John VanDerLaan wins Connecticut Open

John VanDerLaan captured the 2018 Connecticut Open Aug. 1 shooting 66-62-66-194 at New Haven Country Club to break the tournament record by six!

HAMDEN, Conn. – New Haven Country Club has a mighty special meaning to the VanDerLaan family of Southbury.

Twenty years ago, father John VanDerLaan and guest Jerry Pepe won a flight of the member-guest tournament at one of the best and most prestigious courses in Connecticut. VanDerlaan took his pro shop credit and invested in a set of U.S. Kids Golf clubs for his son, John.

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“John started hitting plastic balls when he was 2, so I thought getting some regular clubs might be good,” the elder VanDerLaan said Wednesday as he and wife Maria again watched their son finish another step up the career ladder.

U.S. Kids Golf allows youngsters to swap for more advanced clubs as they grow, and the younger John has used them to catapult to a recent memorable trend.

Young John was back at New Haven CC after finishing in a tie for 31st in the PGA Tour’s Barbasol Championship. Buoyed by the confidence gained from knowing he could beat some of the top players in the world, VanDerLaan won the 2018 Connecticut Open putting together a record-shattering performance for a 54-hole total of 16-under-par 194 and a two-stroke victory over C.J. Swift, who also broke the previous three-day record but didn’t win.

“I had a really good week, and C.J. played really well, too, so it made for a good competition,” VanDerLaan, a graduate of Pomperaug High School in Southbury,. said after playing the final round in the final group with Swift and 2016 champion Adam Rinaud. “We were so close the entire way that you couldn’t let up for a single shot.

“It’s kind of ridiculous to get my first pro win here, on a course I really like, in front of the guys I grew up playing with. It’s really hard to put into words. It’s amazing. It’s pretty cool that this is where it all started and has special meaning to me. I probably didn’t hit it as well the final day as I did the first two days, but I made some good putts and some that I didn’t really expect to. Sometimes when it’s going to happen it’s going to happen.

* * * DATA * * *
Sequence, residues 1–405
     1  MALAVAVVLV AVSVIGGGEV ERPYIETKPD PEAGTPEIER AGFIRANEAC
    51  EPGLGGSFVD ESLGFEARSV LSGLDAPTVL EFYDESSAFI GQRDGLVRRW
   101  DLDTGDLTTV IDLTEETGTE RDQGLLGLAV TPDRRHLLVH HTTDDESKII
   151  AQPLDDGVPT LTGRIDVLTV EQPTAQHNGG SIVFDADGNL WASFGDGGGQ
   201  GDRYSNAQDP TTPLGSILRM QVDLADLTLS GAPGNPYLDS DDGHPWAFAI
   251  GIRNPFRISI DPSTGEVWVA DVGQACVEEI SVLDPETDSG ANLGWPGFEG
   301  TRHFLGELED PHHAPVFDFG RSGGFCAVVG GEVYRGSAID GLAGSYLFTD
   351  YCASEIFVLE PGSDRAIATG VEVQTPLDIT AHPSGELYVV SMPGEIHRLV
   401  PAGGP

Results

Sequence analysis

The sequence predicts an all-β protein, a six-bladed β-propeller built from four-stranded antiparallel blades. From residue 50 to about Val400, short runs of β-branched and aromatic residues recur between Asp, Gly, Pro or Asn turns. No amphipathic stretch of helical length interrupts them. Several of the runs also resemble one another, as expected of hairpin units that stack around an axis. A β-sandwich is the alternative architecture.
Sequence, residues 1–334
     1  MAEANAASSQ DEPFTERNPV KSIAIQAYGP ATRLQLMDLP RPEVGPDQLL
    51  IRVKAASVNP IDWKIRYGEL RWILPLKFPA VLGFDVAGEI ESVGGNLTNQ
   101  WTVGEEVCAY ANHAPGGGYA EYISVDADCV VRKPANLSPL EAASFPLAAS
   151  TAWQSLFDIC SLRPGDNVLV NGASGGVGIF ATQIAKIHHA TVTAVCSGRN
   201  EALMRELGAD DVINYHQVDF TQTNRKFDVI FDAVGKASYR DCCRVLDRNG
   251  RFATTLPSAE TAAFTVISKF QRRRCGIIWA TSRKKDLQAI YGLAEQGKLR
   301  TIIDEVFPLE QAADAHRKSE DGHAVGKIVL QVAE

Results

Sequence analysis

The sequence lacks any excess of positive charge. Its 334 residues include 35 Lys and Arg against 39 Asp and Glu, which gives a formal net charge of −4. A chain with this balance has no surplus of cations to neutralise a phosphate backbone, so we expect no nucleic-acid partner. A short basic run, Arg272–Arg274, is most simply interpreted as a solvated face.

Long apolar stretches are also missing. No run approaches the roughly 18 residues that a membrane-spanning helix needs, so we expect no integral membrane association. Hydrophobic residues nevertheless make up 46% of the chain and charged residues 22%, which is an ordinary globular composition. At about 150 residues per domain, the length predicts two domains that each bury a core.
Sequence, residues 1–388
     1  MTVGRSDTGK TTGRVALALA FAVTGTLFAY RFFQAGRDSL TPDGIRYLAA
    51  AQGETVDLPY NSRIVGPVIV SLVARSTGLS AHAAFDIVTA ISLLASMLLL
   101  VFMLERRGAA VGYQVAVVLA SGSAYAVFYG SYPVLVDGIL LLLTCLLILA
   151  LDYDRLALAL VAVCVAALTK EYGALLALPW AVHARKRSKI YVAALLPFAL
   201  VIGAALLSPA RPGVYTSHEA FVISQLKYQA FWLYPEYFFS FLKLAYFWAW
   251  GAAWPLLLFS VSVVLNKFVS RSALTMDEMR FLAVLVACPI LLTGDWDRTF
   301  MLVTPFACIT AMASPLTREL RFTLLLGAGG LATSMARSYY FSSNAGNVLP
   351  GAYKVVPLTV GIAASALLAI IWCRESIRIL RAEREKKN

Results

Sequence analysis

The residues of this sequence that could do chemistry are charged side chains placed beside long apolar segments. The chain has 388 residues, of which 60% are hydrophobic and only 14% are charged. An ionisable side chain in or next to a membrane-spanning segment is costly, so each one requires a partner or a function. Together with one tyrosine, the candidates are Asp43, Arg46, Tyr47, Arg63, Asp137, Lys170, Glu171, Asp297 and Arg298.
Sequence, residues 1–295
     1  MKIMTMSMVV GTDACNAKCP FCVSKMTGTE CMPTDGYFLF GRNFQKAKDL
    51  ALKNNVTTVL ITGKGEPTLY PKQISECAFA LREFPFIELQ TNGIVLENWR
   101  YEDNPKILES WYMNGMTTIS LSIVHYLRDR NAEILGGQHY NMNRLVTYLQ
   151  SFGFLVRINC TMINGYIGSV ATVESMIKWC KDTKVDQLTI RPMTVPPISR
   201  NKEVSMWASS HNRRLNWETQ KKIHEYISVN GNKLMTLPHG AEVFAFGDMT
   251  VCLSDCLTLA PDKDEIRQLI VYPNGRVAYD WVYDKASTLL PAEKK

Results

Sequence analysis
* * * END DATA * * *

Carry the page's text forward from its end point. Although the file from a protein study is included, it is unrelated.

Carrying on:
CJ Swift, of New Canaan, broke the Connecticut Open scoring record by four strokes (14-under par) but in the end, even that stellar score wasn’t good enough for the 2018 title.

“It was a lot of fun, and I’ve been playing some good golf for a while now and have taken advantage of it. It’s nice to see the hard work pay off. That’s the third start of my pro career, so it’s nice to get a win early on.”
VanDerLaan’s 194 total shattered the record 200 that former PGA Tour and PGA Tour Champions player Ken Green shot in 1992 at Ridgewood Country Club in Danbury and matched by four-time champion Kyle Gallo in 2010 at the Country Club of Fairfield. VanDerLaan’s record included a second-round, 8-under 62 that included six birdies and an eagle 3, was a personal low and tied the tournament record shot by Mike Gilmore in 2014 at Rolling Hills Country Club in Wilton.

VanDerLaan’s best run of his golfing life began with a victory in the NCAA Division II Championship in his senior year at Florida Southern, where he and younger brother Mike, who tied for 28th Wednesday, led the Moccasins to the national team title in 2017. That qualified John for the Barbasol Shootout among all national champions, which VanDerLaan also won at famed Scioto Country Club in Upper Arlington, Ohio, a suburb of Columbus. That earned VanDerLaan an exemption in the Barasol Championship in Nicholasville, Ky., where he shot 14-under 274 and won $21,700 after beating PGA Tour players such as Davis Love III, Stuart Appleby, Ricky Barnes, Aaron Baddeley, Tim Herron, John Huston, Chad Campbell, Robert Allenby, 2013 Travelers Championship winner Ken Duke, 1998 Greater Hartford Open champion Olin Browne and 2003 PGA Championship winner Shaun Micheel.

“The thing that I learned most from that experience is that my game is good enough to play with those guys,” VanDerLaan said. “It’s little crazy to think about winning (the Connecticut Open). I played New Haven Country Club twice in high school, but this is the biggest (local) event in the state, so it means a lot to win this.”